There has been an intellectual advance, and we can no more adopt the habits, the sentiments, the opinions that guided them, than the adult man can be swayed by the trivialities which have governed the conduct of the boy. So thus I approach the great truth that I wish to inculcate here tonight—that the life of the nation is meant for intellectual development. Intellectual development overrides all other things. I do not exclude even morals. Morality without intellect is superstition. Whoever designs to improve the people among whom he lives must do so by influencing their intellect. The voice of history proclaims that all other schemes are abortive. Our European ancestors for a thousand years tried other means, and the result was a total failure. Where did the fifteenth century find them? The only ruling powers were the military and the monastic. They had carried their influence to its full extent. Had they endured for a thousand years longer, they could have done no more. They had stood by while society rose from the abyss of barbarism; to a certain extent they had assisted it; but now their work was done. The appearance of the continent and the condition of human life show what their uses and what their failures had been. There were great forests extending over vast districts, fens reeking with miasm and fever; some, even in England, forty or fifty miles in length, though round and walls of the abbey there might be beautiful gardens, green lawns, shady walks and many murmuring streams. Over trackless woods where men should have been, herds of deer were straying; the sandy hills were alive with conies, the downs with focks of bustard. The peasants’s cabin was made of reeds, or sticks plastered over with mud, with a chimneyless fire, or perhaps of peal [?] in the object and manner of his life was but a remove from the industrious beaver, who was building his solitary dam in the adjacent stream. There were highwaymen on the roads, pirates in the rivers, vermin in abundance in the clothing and beds. The common food was peas, vetches, fern roots, and even the bark of trees: there was no commerce to put off the extremity of famines. Man was altogether at the mercy of the seasons; the population, sparse as it was, was perpetually thinned off by pestilence and want. Nor was the state of the townsman better than that of the rustic. His bed a was a bag of straw, with a fair round log for a pillow; if he was in easier circumstances his clothing was of leather—perennial in duration, but not conducive to personal cleanliness; if poor, a wisp of straw wrapped round his limbs kept off the cold. It was a social condition, sad to the last degree, where nothing intervened between the cabins built of reed in the fen, the miserable wigwams of villages and the conspicuous walls of the castle and monastery. Well might they who lived near those times bewail the lost of the age-stricken peasant, and point, not without indignation, to the troops of “pilgrims, mendicants, pardoners and ecclesiastics” of every grade, who hung round the monastery and the church; to the might wassail and rioting drunkenness in the castle hall, secure in its moats, its battlements and its warders. The local pivots round which society revolved were the redhanded baron, familiar with scenes of outrage and deeds of blood, and the abbot, indulging in the last extreme of luxury, magnificent in dress, exalting in his ambling palfrey, his hawk and hounds. Rural life had but little improved since the time of Caesar; in its physical aspect it was altogether neglected. As to the mechanic, how was it possible that he should exist where there were no windows of glass, no, not of oiled paper, no workshop warmed by a fire? There was no physician for the dying rustic, but, merciful as ever, the good monk was there with his crucifix. The aim was to smooth the sufferer’s passage to the next world—not to save him for this. In the cities the pestilence walked unstayed—its triumphs numbered by the sounds of the death cryer in the streets, or the knell for the soul that was passing away. No such thing as over population was heard of: it was considered to be singularly successful statesmanship if the number of the population was kept up to its average sparse amount.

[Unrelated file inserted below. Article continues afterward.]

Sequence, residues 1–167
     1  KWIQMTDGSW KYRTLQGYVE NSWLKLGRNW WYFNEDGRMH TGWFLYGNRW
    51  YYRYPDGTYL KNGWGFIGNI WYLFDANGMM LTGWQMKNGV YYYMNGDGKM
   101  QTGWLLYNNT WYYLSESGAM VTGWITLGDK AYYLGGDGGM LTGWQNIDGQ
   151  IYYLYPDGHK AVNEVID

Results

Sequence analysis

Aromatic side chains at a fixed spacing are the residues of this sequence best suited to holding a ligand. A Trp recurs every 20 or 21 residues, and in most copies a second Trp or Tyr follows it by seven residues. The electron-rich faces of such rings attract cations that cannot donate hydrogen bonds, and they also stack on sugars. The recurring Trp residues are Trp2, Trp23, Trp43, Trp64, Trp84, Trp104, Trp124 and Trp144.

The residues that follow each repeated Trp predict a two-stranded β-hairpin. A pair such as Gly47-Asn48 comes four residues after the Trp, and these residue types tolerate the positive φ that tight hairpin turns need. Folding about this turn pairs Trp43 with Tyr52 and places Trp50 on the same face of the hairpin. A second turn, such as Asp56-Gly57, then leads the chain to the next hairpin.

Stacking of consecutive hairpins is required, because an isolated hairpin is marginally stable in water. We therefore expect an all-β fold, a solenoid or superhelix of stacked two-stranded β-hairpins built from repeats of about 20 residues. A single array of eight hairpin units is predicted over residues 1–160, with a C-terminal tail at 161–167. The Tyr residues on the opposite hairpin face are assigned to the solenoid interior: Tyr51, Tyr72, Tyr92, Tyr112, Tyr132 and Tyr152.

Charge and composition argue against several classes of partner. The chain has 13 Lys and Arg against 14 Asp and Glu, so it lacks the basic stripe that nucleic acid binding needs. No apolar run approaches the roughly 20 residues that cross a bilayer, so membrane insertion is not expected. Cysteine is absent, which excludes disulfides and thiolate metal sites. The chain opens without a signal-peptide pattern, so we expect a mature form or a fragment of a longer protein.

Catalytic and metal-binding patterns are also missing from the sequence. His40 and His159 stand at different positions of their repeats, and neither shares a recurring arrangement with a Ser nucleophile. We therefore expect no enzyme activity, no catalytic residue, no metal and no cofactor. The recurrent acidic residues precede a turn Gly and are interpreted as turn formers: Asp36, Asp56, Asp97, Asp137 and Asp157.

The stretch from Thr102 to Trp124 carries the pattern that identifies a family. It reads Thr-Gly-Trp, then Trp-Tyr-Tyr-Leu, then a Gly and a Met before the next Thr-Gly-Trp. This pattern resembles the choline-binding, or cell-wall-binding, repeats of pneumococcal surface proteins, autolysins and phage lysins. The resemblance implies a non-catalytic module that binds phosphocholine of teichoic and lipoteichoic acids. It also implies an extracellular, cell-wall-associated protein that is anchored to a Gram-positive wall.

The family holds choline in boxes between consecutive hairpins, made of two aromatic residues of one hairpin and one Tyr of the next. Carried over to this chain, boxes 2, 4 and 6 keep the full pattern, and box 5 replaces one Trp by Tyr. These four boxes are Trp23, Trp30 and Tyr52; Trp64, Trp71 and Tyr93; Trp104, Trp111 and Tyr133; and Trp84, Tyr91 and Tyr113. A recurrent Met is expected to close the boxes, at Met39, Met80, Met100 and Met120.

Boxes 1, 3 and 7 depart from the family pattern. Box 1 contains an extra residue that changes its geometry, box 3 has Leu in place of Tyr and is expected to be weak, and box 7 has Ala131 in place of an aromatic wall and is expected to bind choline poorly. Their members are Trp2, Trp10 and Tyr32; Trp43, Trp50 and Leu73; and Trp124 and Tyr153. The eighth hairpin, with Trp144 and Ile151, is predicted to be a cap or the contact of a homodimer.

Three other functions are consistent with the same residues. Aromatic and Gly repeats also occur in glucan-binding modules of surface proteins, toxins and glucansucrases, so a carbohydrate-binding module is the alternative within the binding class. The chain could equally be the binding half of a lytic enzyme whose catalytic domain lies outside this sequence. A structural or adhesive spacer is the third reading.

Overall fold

Europe thus woke up at the end of the fifteenth century, and found, so far as the domestic comforts and family life of its common people were concerned, that since the days of Caesar absolutely nothing had been accomplished. It is commonly said that this was owing to the extinction of civilization by the barbarian overwhelming Italy and Greece. But that is not the truth. In those countries the sacred fire of learning was fast dying out. It would have spontaneously become extinct had no barbarian touched it. As when you add fresh coal to a fire that is burning low you may for a time still further diminish it, perhaps risk its entire putting out, but in due season, if all goes well, the new material will join in the contagious blaze. The countless savage barbarians of Europe thrown into the foci of Greek and Roman light perhaps did reduce for a time the general heat, but by degrees it spread throughout their mass, and the bright flame of modern civilization was the result. Such was the result of a thousand years. The really influential agent, the ecclesiastic, was a man animated by intentions just as good, by perseverance just as unwearied, by an energy just as vigorous as our own. The defect lay not in him, but in the system, which vainly tried to accomplish improvement through the morals, whilst it abased or ignored the intellect. The time came at last when a different principle prevailed, and men sought to improve the social state through intellectual development. We are witnessing the wonderful result. Though scarcely three hundred years have elapsed, how many of the powers of nature have been brought into servitude to us! Nor has the apprehension which many good men in the old times entertained—that if you instruct the mind you may injure the morals—been at all verified; indeed, we find that men are better in proportion as they were wiser. In whatever direction we look we see how vast is the improvement. The physical man is more powerful, the intellectual man more perfect, the moral man more pure. For the poor, in the midst of all this social activity, this business energy, is charity any the less overflowing? For him who is eager for knowledge is there not certain to be a helper?